Comparison of skin prick allergy test in urban and rural children
Children who grow up in rural areas have a lower incidence of atopy and other allergic manifestations than children in urban areas. Several recent studies have suggested that agricultural exposure may protect children from developing asthma and atopy, but these findings are inconsistent.Objective To examine an association between living in rural or urban areas and skin prick allergy test results in children and to detennine associated risk factors for atopy.Methods We conducted a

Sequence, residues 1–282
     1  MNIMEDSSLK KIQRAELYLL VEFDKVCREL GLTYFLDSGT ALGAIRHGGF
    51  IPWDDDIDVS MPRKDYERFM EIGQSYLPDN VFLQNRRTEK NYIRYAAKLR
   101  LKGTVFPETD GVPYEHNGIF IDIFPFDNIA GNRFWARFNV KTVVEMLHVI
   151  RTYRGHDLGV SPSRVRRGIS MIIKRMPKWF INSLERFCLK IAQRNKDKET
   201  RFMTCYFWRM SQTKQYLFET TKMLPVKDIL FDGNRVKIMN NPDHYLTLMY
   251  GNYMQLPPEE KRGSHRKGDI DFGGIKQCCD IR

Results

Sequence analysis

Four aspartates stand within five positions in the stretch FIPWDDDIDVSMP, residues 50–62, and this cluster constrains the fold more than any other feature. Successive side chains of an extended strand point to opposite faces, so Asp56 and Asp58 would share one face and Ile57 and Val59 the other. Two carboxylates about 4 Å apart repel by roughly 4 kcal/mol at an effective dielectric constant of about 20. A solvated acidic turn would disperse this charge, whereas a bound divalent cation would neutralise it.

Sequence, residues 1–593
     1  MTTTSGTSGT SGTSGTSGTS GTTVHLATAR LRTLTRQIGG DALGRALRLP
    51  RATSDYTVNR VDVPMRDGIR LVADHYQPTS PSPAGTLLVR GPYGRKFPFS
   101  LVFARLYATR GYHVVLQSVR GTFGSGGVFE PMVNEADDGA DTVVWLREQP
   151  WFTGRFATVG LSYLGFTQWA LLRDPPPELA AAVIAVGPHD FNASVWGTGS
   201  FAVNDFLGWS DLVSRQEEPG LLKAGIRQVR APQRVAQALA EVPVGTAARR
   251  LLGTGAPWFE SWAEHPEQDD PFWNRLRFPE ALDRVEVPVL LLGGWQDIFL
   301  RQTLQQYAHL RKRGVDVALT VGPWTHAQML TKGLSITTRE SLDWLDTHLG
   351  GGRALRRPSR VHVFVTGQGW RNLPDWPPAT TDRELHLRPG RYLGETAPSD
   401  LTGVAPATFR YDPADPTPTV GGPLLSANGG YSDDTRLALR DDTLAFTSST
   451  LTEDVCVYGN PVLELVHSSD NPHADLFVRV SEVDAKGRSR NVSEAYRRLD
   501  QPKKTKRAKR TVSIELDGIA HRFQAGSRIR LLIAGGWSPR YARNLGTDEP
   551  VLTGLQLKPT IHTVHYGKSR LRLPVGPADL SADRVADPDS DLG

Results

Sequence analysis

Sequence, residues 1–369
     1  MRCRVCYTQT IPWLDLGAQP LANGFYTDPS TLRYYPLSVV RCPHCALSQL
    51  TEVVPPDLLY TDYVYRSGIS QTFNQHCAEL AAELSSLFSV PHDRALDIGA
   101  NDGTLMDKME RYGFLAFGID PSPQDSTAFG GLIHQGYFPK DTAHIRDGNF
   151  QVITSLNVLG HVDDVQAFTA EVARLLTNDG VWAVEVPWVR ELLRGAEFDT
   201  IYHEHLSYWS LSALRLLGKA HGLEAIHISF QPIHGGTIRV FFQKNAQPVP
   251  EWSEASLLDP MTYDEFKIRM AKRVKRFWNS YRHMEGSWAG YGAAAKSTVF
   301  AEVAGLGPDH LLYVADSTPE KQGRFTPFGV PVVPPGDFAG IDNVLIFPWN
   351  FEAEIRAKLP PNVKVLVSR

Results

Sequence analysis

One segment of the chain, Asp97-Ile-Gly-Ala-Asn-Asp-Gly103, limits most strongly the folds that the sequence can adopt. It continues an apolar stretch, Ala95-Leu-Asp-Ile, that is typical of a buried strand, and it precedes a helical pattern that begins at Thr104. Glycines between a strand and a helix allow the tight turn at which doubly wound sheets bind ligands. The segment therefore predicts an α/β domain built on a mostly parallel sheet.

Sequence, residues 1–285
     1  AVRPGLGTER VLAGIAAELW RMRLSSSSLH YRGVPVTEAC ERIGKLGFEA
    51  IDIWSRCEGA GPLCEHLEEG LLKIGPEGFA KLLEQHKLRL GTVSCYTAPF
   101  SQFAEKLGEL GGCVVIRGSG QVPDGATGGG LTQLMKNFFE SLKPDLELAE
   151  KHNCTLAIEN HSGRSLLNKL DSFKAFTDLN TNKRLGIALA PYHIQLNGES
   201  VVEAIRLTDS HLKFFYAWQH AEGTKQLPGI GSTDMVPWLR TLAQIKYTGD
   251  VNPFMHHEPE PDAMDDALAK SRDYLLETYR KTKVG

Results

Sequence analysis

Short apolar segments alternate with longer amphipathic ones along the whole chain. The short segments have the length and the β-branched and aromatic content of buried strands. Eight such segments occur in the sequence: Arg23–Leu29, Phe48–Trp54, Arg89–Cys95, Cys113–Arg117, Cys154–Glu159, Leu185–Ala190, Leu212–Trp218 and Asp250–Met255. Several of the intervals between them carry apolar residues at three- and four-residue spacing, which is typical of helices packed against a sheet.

... ed a cross-sectional study in Karo district (rural) and Medan (urban) in October-December 2009. We enrolled primary school children who had a history of atopy in their families. Skin prick testing was done on the volar side of the forearm and included eight aero-allergens: house dust mites, house dust, cotton, chicken feathers, cat dander, cockroaches, mould, and pollen. We analyzed the folloMng risk factors forassociation Mth atopy: tobacco smoke, pets, livestock exposure, and having older sibling(s).Results We recruited 49 children from the Karo district and 52 children from the city of Medan. There were significant associations between living in an urban area and positive skin prick test results for house dust mites and house dust compared to living in a rural area (P=0.04, 95% CI: 1.11 to 5.91; P=0.04, 95% CI: 1.13 to 12.45, respectively). The reverse was true for cockroach allergens (P=0.02, 95% CI: 0.16 to 0.81). Tobacco smoke and livestock exposure were associated Mth negative skin prick test results in rural children (P=O.03, 95% CI: 0.03 to 0.81 and P=0.002, 95% CI: 0.02 to 0.42, respectively). Multivariate analysis revealed that lack of livestock exposure was the major risk factor associated Mth any positive skin prick test results in rural children (P=0.004; 95% CI ; 0.02 to 0.49).Conclusion There were differing associations between living in rural and urban areas to various skin prick test results in children. Lack of livestock exposure was the risk factor associated with positive skin prick test results in rural children.